Meta Platforms CEO Mark Zuckerberg arrives in federal court in San Jose, California on December 20, 2022.

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House Judiciary Committee will be voted on Thursday on whether to cite Target CEO Mark Zuckerberg in contempt of Congress for failing to provide adequate documents in connection with an earlier subpoena as part of the panel’s online censorship investigation.

Meta and Zuckerberg “deliberately refused to fully comply with a congressional subpoena” seeking documents about the company’s communications with the Biden administration and its content moderation decisions, the committee said in its report of contempt. The committee described the Met’s compliance with the subpoena as “woefully inadequate”.

If the committee votes To quote Zuckerberg in contempt, the resolution would have to pass the House. A criminal contempt case, the committee suggests, could be referred to the Justice Department, which could decide whether to take the case.

The initial subpoena was part of the investigation Alphabet, Amazon, Apple and Microsoftalong with Meta to “understand how and to what extent the Executive Branch has enforced and colluded with companies and other intermediaries to censor speech,” Judiciary Chairman Jim Jordan, R-Ohio, wrote when in February he issued an order to hand over the documents.

Jordan has since extended the inquiry to Meta to include its new Twitter competitor Threads. Jordan wrote that he considered the content moderation documents about Threads to be the subject of an earlier subpoena.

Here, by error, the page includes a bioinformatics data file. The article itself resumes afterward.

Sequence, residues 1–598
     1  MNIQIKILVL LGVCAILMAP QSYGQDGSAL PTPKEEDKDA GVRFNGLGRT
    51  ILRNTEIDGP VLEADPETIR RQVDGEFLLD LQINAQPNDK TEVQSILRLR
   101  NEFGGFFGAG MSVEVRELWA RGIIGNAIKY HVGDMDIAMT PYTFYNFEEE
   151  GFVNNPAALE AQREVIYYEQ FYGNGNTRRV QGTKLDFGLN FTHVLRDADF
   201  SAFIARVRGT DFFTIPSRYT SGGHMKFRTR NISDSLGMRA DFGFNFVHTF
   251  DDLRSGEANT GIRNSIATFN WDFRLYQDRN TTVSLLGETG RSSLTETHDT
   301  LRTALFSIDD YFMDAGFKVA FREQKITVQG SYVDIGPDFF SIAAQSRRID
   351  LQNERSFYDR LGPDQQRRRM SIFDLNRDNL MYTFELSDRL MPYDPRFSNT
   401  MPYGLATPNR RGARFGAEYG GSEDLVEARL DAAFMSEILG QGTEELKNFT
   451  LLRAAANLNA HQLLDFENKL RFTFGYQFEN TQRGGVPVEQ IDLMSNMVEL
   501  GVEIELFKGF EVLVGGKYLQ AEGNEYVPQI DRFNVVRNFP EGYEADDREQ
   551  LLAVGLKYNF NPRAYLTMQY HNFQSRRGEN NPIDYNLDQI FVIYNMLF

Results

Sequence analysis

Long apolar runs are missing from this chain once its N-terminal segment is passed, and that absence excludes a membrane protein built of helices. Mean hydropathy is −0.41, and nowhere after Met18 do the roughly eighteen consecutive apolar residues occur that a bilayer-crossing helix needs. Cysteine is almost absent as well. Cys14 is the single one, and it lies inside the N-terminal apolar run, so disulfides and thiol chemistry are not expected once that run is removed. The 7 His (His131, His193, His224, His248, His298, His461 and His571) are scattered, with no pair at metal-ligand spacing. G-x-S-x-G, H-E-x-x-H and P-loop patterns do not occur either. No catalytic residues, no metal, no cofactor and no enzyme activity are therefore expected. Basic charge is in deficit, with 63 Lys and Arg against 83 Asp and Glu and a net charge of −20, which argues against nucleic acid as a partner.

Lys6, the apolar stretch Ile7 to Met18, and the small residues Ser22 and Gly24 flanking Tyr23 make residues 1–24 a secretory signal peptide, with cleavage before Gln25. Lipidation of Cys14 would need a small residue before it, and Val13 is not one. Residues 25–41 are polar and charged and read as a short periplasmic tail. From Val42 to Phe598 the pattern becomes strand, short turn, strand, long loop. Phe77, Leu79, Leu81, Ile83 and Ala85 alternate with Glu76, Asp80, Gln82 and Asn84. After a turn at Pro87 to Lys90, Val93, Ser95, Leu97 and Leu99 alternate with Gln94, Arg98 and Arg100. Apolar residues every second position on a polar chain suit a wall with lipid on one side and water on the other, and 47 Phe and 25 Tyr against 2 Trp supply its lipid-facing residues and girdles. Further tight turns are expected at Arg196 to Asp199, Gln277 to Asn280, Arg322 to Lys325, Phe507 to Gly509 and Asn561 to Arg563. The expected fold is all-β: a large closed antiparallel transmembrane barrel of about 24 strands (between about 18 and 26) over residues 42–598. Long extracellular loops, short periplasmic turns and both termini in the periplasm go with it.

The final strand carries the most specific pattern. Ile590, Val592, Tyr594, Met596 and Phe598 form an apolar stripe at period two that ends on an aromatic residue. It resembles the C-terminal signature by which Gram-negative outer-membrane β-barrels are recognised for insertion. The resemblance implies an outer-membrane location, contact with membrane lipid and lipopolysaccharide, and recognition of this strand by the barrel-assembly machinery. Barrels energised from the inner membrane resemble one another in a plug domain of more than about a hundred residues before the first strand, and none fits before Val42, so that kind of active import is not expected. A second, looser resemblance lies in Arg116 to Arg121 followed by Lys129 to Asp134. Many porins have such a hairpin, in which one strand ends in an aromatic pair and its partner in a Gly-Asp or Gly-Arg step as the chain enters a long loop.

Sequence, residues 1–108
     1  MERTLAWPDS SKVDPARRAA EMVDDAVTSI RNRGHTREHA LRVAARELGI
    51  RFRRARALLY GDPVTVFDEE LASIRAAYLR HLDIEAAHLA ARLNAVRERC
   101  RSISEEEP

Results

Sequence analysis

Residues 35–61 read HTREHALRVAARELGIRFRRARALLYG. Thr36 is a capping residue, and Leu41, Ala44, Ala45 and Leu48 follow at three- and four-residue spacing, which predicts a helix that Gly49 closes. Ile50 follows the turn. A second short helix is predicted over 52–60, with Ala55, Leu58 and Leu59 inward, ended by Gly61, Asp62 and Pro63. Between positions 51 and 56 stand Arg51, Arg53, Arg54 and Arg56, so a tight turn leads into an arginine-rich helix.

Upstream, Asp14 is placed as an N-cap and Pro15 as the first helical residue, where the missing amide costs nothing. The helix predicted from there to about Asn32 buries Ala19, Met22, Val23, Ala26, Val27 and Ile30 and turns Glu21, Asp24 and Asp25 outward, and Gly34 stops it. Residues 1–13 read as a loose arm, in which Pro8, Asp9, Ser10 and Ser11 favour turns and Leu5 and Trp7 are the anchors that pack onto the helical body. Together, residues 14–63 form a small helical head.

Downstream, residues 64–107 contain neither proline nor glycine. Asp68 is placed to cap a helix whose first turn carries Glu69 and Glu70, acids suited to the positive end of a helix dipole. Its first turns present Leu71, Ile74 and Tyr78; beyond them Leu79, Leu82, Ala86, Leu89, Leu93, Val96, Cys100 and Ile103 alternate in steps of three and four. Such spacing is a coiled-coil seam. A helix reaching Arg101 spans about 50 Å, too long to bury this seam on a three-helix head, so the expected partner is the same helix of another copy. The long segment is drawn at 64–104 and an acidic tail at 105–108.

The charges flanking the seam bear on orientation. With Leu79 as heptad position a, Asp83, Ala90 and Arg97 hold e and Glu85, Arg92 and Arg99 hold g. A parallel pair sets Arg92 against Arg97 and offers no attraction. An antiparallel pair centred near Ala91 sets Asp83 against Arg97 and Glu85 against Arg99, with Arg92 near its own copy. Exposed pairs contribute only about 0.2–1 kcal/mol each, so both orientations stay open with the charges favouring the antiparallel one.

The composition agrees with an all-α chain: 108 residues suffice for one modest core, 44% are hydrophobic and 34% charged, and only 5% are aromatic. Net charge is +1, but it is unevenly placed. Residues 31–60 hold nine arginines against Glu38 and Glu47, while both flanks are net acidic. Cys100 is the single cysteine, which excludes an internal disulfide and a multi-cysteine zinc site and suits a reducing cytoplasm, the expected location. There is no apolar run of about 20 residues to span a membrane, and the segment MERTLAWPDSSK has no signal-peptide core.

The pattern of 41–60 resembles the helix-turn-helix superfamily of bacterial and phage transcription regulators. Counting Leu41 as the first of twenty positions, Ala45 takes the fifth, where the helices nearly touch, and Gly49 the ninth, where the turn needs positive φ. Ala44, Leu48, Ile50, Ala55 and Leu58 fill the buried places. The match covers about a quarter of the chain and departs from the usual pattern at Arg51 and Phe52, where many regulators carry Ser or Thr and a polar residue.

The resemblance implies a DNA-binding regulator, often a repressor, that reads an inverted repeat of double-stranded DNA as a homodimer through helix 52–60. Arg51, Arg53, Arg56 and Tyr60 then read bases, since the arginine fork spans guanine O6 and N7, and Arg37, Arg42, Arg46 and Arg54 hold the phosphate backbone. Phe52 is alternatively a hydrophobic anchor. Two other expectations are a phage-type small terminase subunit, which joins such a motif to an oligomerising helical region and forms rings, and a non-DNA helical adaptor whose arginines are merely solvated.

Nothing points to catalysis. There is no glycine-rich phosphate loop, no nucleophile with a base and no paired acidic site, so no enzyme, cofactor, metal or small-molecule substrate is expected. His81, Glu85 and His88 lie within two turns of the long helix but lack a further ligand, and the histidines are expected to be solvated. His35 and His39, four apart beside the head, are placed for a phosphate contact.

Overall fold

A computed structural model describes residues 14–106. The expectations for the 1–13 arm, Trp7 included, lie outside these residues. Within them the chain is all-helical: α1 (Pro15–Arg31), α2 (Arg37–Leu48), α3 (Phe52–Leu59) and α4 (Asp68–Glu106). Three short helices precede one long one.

“Although Meta responded directly to the committee’s subpoena, it failed to produce nearly all relevant internal company documents,” the contempt report said. “To date, the Meta has produced only documents between the Meta and external entities and a small subset of relevant internal documents. In particular, the Committee needs internal Meta documents that would clarify how the Meta understood, evaluated, and responded to requests or directives from the executive branch to censor content, as well as the Meta’s decision-making process to censor opinions in the modern square.”

Meta spokesman Andy Stone said in a statement that the Meta had “acted in good faith” with the committee’s broad requests.

“To date, we have provided over 53,000 pages of documents — internal and external — and made nearly a dozen current and former employees available to discuss external and internal matters, including some scheduled this week,” Stone wrote. “Meta will continue to comply, as it has done, with the Committee’s requests in good faith.”

But the contempt report claims that since the Feb. 15 subpoena was issued, “Meta has produced communications between Meta and outside entities and less than 40 pages of internal documents. Despite clear instructions in the committee subpoena and repeated requests by committee staff, Meta has so far failed to produce nearly all of the requested internal communications related to executive branch interactions.”

“The committee negotiated extensively and offered significant measures to try to reach an agreement,” the report continued, but Meta rejected those proposals and “offered a paltry production of internal documents on July 24.”

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